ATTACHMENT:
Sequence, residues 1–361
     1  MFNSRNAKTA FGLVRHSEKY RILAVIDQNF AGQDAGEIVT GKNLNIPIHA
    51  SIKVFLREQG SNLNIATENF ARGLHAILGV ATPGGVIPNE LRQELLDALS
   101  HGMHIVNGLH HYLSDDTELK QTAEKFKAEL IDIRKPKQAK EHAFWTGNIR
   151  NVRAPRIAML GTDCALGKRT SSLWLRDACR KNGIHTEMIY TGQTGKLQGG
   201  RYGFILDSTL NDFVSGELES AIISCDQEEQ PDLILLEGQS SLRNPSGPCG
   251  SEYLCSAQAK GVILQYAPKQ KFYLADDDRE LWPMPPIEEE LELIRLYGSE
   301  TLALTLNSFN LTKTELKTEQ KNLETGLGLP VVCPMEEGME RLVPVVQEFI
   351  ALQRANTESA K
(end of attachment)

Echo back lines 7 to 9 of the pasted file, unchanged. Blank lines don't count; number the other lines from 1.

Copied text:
   251  SEYLCSAQAK GVILQYAPKQ KFYLADDDRE LWPMPPIEEE LELIRLYGSE
   301  TLALTLNSFN LTKTELKTEQ KNLETGLGLP VVCPMEEGME RLVPVVQEFI
   351  ALQRANTESA K